As we had only four members available, I'joo played a cool bass instead of guitar and we were back to our laid-back style, featuring Markiza on vocals and keyboards, and me on Ac guitar and harp playing numbers from our previous albums. Mokhtar provided a strong beat and it was a tight set except for the last song "Return to Forever", which is under-rehearsed, but which curiously got all the praise. Mind you it is a very fine composition, sad and wistful in a minor key, written not by any of us but by Randy Waldman and Dick Rudolf and originally recorded by Minnie Riperton.

Now it was the chance of Lurks - three good-looking young men with an engaging, unassuming yet magnetic sort of music, almost hypnotic - singer with a voice that sculpts out the words with sometimes weird expressiveness, guitarist with a fine minimalist style and a drum and bass programmer who really knows what he is at. Wonderful stuff in my opinion, mostly originals but one cover by Depeche Mode. You can hear that Zak the vocalist and composer has absorbed all these 80s and more recent influences like Rap and Hip-Hop and made them into something personally his own.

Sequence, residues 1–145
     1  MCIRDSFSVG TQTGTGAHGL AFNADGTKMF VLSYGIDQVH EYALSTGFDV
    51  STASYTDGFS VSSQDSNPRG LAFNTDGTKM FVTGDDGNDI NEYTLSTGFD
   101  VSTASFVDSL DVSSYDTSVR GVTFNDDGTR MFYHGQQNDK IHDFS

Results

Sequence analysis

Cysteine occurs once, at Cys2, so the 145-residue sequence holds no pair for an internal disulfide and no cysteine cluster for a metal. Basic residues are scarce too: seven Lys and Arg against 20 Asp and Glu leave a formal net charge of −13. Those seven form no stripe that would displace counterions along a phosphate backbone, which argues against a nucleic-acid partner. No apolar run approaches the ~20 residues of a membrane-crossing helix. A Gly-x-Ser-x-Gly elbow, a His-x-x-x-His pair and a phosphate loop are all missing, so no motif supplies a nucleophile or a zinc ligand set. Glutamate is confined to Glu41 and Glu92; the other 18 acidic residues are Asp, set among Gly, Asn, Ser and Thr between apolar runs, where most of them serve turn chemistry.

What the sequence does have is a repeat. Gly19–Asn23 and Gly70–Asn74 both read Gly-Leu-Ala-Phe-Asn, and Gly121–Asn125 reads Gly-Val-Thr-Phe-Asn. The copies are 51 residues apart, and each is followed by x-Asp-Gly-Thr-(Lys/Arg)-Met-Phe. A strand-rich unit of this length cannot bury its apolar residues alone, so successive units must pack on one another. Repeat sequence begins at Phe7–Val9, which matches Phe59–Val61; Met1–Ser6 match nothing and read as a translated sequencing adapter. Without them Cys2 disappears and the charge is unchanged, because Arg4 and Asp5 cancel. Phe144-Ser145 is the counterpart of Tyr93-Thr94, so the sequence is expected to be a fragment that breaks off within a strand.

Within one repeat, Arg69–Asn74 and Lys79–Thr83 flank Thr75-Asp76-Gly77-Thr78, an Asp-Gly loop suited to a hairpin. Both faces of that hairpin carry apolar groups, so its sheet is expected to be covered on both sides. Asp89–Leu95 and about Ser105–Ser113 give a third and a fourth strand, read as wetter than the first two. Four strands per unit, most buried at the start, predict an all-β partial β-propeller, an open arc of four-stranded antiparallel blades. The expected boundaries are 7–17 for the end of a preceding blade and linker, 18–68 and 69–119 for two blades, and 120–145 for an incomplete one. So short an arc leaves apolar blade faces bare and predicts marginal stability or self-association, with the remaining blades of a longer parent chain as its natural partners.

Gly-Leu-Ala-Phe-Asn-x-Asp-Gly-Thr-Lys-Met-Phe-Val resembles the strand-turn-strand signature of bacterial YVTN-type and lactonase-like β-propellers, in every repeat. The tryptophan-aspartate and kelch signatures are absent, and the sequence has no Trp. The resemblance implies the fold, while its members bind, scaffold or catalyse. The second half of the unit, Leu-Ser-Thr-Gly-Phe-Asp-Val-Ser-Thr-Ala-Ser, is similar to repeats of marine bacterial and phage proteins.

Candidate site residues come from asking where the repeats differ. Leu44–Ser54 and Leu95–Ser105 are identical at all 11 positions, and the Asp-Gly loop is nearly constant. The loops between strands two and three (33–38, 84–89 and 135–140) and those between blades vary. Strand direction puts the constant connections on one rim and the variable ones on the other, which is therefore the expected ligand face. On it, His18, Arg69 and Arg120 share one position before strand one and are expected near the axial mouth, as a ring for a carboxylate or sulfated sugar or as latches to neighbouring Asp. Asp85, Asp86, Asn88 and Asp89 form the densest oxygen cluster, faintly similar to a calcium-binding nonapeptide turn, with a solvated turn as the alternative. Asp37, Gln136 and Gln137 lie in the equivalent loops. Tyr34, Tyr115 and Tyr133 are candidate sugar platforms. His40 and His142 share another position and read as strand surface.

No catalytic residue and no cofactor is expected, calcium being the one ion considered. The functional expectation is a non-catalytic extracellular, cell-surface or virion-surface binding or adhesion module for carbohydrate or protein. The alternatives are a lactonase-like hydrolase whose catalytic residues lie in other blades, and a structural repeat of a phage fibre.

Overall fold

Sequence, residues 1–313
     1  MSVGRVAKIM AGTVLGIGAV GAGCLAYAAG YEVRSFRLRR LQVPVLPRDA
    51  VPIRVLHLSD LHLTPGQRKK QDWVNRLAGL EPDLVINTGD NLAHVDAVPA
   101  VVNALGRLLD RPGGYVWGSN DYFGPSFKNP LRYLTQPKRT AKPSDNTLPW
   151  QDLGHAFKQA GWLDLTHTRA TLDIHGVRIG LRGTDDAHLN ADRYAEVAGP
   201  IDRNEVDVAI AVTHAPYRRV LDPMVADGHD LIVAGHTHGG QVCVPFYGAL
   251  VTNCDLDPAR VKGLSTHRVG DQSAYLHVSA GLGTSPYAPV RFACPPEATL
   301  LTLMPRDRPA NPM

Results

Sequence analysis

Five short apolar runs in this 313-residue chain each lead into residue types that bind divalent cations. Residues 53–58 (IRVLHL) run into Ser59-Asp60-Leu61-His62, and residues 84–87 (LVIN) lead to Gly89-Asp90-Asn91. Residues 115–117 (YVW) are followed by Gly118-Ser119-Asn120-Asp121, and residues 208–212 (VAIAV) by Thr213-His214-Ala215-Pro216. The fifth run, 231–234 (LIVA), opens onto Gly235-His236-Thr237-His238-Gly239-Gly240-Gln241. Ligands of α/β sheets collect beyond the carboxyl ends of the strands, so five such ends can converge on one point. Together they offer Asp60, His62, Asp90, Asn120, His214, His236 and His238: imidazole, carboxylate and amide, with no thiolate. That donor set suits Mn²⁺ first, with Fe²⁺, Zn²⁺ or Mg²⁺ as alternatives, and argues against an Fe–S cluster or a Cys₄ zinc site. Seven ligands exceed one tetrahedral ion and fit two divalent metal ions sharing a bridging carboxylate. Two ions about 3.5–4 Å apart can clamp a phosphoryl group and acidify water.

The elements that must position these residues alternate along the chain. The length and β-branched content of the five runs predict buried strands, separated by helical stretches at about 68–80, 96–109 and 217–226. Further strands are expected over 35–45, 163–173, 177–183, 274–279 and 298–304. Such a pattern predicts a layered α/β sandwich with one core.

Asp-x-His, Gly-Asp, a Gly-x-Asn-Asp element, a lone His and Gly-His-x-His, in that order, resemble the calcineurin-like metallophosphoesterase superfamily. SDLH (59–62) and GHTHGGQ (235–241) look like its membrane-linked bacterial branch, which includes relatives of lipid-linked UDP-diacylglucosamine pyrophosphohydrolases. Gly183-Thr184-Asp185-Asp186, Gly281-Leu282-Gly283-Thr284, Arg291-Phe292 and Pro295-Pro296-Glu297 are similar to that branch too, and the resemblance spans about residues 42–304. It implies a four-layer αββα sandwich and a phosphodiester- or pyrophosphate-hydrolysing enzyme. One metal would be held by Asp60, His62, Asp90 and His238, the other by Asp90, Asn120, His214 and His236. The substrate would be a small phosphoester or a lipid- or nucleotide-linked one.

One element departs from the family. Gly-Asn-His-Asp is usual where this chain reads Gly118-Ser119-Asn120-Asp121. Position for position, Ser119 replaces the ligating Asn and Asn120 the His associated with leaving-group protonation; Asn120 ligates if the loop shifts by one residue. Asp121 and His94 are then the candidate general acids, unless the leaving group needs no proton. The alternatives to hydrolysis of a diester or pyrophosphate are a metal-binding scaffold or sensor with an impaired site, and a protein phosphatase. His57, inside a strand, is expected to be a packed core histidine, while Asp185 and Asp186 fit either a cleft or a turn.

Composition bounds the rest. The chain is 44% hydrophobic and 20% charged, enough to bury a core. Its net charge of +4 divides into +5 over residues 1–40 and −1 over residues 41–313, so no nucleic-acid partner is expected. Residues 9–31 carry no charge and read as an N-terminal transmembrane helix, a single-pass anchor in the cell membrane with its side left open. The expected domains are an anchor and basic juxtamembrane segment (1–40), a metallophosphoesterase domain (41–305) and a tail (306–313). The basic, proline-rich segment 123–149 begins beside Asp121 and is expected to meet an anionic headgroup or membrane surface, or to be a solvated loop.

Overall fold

Jason Lo with just an acoustic. This was a treat I have been waiting for for sometime and he didn't disappoint. He has an intimate style with the audience and his songs came across as important statements of reality experience especially "Driving" and "Rise and Fall" both from his recent album "Firefighter". These songs and others profited by being paired down to essentials and Jason's very relaxed approach which made them come alive as personal statements.